Obama's Auto Boss Faces Charges of ... Nothing
Rattner's pay-to-play 'scandal' is common practice
By Matt Cantor,  Newser User
Posted Apr 22, 2009 7:49 AM CDT
Bill Baker, president of PBS Channel Thirteen in New York, singer Tony Bennett and Steven Rattner attend the WNET and WLIW 13th annual gala at Gotham Hall June 13, 2006 in New York City.    (Getty Images)
camera-icon View 1 more image

(Newser) – The press is abuzz over Obama auto-recovery boss Steven Rattner’s ties to a pay-to-play scandal, but every story about Rattner mentions he’s not accused of anything. What he apparently did—paid to receive part of a public pension fund to manage—is “an open practice,” so why the fuss? asks Michael Kinsley in the Washington Post.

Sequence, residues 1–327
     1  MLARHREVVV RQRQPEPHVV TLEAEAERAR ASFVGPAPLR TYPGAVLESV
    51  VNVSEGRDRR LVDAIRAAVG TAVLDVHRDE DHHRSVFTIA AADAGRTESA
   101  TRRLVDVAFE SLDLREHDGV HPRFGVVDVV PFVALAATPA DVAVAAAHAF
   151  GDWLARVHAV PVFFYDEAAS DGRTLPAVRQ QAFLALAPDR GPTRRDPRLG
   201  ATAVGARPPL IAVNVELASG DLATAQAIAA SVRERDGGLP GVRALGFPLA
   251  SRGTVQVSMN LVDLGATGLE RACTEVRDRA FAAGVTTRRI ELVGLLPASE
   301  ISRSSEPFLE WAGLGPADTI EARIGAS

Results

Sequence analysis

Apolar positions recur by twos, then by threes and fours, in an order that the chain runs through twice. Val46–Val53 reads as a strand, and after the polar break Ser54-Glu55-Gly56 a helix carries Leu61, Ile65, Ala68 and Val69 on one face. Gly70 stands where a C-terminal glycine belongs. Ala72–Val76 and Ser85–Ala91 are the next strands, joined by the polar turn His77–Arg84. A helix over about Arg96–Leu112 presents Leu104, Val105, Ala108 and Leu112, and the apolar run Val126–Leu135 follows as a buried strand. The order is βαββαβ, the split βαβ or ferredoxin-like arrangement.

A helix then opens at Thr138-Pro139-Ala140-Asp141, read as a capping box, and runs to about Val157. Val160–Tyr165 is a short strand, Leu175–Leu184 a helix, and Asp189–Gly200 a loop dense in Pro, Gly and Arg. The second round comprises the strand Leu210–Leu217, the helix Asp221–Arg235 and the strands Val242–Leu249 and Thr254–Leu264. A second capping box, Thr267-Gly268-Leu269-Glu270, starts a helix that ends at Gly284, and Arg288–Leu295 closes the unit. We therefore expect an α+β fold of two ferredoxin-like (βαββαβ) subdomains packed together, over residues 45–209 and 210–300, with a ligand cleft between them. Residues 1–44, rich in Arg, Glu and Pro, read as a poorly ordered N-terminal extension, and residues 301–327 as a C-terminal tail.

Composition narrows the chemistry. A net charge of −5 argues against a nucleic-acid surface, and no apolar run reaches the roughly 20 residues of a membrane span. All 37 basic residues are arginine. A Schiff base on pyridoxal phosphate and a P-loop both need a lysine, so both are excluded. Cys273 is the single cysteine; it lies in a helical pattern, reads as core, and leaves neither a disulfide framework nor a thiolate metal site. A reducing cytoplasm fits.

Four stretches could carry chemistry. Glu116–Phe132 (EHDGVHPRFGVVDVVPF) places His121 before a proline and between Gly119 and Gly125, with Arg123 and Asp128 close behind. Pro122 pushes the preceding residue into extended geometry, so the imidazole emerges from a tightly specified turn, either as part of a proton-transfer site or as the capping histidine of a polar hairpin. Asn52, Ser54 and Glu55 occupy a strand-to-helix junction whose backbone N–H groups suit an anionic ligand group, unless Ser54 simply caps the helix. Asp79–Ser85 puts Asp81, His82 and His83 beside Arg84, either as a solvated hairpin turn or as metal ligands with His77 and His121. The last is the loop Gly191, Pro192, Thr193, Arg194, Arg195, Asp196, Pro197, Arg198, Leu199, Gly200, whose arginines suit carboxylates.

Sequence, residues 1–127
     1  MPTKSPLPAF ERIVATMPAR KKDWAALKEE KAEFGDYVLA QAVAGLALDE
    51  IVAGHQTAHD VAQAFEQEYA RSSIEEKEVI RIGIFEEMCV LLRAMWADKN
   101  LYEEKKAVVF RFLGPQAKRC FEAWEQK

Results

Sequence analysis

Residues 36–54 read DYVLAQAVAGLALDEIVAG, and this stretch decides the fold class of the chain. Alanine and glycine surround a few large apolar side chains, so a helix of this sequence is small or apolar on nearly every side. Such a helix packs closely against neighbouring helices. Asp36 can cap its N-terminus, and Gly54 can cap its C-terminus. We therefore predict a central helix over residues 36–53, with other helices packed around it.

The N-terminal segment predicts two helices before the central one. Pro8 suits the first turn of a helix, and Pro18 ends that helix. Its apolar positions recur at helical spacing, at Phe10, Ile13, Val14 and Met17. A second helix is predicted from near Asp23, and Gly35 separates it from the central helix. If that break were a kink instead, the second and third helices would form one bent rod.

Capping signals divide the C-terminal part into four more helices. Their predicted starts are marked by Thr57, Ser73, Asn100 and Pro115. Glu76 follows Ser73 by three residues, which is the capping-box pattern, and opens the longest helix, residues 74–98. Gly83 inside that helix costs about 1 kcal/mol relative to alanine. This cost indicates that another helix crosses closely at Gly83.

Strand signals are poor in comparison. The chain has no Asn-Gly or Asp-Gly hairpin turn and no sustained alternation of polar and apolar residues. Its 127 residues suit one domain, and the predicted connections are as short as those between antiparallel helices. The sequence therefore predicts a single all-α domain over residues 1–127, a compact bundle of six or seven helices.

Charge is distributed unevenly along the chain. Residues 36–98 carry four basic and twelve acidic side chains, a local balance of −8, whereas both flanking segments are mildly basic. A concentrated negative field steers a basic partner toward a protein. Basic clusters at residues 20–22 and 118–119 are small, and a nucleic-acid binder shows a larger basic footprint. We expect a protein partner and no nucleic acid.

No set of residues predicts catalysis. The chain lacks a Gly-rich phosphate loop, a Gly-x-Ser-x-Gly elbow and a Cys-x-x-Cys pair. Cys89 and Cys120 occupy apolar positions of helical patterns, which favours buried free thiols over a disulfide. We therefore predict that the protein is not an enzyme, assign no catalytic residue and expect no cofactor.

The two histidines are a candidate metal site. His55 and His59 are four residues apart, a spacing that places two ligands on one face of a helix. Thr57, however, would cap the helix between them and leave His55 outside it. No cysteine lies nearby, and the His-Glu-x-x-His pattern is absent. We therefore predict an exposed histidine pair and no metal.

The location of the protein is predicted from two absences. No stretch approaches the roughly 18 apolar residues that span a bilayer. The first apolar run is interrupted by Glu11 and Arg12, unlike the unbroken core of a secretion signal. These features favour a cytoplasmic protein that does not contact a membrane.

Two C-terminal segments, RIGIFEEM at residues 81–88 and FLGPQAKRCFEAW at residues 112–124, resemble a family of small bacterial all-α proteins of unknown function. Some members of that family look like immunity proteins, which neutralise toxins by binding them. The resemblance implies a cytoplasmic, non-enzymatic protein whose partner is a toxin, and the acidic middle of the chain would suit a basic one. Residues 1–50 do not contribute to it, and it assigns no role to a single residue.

“Somewhere there's a line where legal bribery turns into illegal bribery,” but “nobody seems to have any idea where the line is.” That gives government officials huge leeway “to pick their targets and define the law as they wish,” Kinsley writes. “No one who knows Rattner would be surprised that he skated close to the line,” but “everyone, including Rattner, would be astonished if it turns out that he crossed it.”